Monday, November 16, 2015

Slaac-ing Off


by Craig Miller

IPv6  Auto Magic

Slaacer is a good thing
20 years ago when IPv6 was being standardized, the IPv4 world was busy statically defining addresses on every machine. This was becoming a burden to network administrators, and it was quickly becoming a problem of scale. DHCPv4 hadn't been invented yet.

Back in 1996, the IPv6 authors created a method by which devices on the network could auto-magically create a valid global routable address using SLAAC (StateLess Address Auto Config, RFC 4862). By using SLAAC, all hosts on a network could, without network administrators help, get on the internet.

Two halves of SLAAC

Because the simplification of subnet masking in IPv6 (everything is a /64, see Simplifying Subnetting) the address can be split in half, with the left (MSB) being the network portion of the address, and the right (LSB) being the host portion. 

Host Part

Let's start with the right half, the host portion. Since on a subnet, or broadcast domain (if you thinking IPv4), all MAC addresses must be unique, the IPv6 authors use this to create the host portion of the address. First the 48 bit MAC address is converted to a 64 bit number, or EUI-64, by inserting FFFE in the middle. For example a MAC address is: 60:21:c0:e0:8f:0a, would become: 6021:c0ff:fee0:8f0a. Then the last step in this transformation is to flip the universal/local bit (bit position 7, see RFC 2373 Appendix A) which results in: 6221:c0ff:fee0:8f0a. This host portion is not only used in the global routable SLAAC address, but also in the link-local address.

Network Part

The left half, or network portion is easier. When the network is defined on the router, the router will send out a router advertisement (RA) which will include the network prefix for that subnet. There is more to the RA, such as the M & O bits, but I'll cover that in a later post. Using tcpdump, a typical RA looks like:
15:12:21.640794 fe80::2a0:a512:85:2940 > ip6-allnodes: [icmp6 sum ok] ICMP6, router advertisement, length 48
    hop limit 64, Flags [none], pref medium, router lifetime 0s, reachable time 0s, retrans time 0s
    prefix info option (3), length 32 (4): 2607:c000:8000:8b93::/64, Flags [onlink, auto], valid time 2592000s, pref. time 604800s

On the Internet

The host, hears the RA, and forms a full 128 bit global routable address by prepending the advertised prefix to the host portion (lower 64 bits). And magically, the host is ready to use the internet!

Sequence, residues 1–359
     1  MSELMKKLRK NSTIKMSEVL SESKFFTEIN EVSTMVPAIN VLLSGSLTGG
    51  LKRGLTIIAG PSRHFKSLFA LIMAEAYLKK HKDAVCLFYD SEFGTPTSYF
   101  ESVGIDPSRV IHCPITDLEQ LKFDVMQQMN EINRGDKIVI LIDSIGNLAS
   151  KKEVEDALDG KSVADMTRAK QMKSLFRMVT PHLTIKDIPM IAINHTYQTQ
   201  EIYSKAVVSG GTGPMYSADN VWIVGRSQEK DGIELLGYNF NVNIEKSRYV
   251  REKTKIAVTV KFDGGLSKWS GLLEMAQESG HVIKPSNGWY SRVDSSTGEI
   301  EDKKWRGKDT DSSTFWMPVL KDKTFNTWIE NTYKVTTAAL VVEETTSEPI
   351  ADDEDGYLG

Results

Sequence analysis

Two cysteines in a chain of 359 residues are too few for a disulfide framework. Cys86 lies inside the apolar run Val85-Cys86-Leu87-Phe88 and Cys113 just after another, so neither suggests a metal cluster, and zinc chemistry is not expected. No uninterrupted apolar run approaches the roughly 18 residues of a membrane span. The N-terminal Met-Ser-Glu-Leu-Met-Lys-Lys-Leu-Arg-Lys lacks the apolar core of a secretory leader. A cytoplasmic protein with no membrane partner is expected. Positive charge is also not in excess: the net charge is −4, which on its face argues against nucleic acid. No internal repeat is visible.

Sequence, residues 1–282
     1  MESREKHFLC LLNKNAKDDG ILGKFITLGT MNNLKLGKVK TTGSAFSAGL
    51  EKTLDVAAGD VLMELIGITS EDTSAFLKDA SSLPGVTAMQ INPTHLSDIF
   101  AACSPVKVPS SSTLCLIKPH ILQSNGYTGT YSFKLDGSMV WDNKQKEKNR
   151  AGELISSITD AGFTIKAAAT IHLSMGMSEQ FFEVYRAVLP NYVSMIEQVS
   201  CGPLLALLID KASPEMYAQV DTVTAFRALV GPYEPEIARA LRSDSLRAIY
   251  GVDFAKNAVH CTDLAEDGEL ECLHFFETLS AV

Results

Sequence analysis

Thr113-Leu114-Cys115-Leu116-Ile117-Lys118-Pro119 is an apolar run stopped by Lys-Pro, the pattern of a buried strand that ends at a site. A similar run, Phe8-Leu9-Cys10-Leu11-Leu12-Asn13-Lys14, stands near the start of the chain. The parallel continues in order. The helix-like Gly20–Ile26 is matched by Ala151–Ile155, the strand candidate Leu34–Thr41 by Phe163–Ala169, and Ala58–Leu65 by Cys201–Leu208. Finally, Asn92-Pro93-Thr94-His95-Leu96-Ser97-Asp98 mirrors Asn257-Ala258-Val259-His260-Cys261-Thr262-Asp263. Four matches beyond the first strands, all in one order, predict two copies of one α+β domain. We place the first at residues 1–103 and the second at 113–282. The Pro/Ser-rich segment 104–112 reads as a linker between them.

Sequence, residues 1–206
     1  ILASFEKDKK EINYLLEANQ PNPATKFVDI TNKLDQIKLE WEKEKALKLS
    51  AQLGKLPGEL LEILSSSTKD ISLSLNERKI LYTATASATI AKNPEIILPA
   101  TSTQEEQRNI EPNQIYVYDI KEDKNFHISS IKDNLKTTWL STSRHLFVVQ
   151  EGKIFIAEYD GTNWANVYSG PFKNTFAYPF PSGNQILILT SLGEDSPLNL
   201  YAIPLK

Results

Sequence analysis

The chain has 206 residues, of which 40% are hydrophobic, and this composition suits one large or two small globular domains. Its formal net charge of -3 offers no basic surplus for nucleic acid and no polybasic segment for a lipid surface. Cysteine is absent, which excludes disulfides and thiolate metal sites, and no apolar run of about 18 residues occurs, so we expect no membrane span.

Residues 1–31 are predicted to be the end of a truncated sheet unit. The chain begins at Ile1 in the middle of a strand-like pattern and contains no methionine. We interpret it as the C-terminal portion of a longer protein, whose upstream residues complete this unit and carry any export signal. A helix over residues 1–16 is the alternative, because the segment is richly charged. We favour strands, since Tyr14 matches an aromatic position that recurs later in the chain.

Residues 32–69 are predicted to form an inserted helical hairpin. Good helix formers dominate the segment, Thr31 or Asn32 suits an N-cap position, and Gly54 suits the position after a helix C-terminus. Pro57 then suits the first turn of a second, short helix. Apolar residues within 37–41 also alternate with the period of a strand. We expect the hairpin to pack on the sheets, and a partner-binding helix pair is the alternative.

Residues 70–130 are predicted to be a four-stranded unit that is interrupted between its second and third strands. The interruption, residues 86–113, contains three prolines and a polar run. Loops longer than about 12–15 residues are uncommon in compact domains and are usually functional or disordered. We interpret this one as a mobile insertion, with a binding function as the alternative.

OK, that was a bit simplified somewhat. There is DAD (Duplicate Address Detection, RFC 4862) which has to happen, but since as we have seen above, the IPv6 address is formed from the MAC address, it should be unique. If it isn't, DAD will figure that out, and create a unique host portion of the address, and then boom! you are on the internet.

Global Auto-configuration

As you can see a key difference from IPv4 is that a host can get a global address without user, or network administrator intervention. But you might ask, what about auto-configuration in IPv4, the address (RFC 3927)? This is different in two key ways:
  •  IPv6 SLAAC predates ipv4 auto-config, which was inspired by IPv6 SLAAC
  • It is not a global routable address, but used more on-link communication when a DHCPv4 server is not available

The Network is in charge

Sun Microsystems (now part of Oracle) used to have a marketing phrase, "The Network is the Computer." IPv6 creators, took this to heart, and much of IPv6 is controlled by the network, specifically, the RA (Router Advertisement). This architecture creates great power in the Network Administrator's hands. If a subnet must be renumbered, it is as simple as changing the prefix in the RA, all hosts will pick up the new prefix, and generate new global addresses.

SLAAC Evolving

SLAAC continues to evolve. Privacy concerns about using the same global address (without NAT) were raised, and SLAAC temporary addresses (RFC 4941) were created to address this issue, and is widely deployed in OSs. A newer standard which has yet to see wide deployment is attempting to address the privacy issue, while creating a stable (non-changing, and not tied to the MAC) address (RFC 7217), which will make it easier for firewall (ACL, Access Control Lists) configuration.

SLAAC Auto-magical

SLAAC auto-magic continues to make getting on the internet easy, nearly 20 years later. Address auto-magic is good, making your transition to IPv6 even easier.

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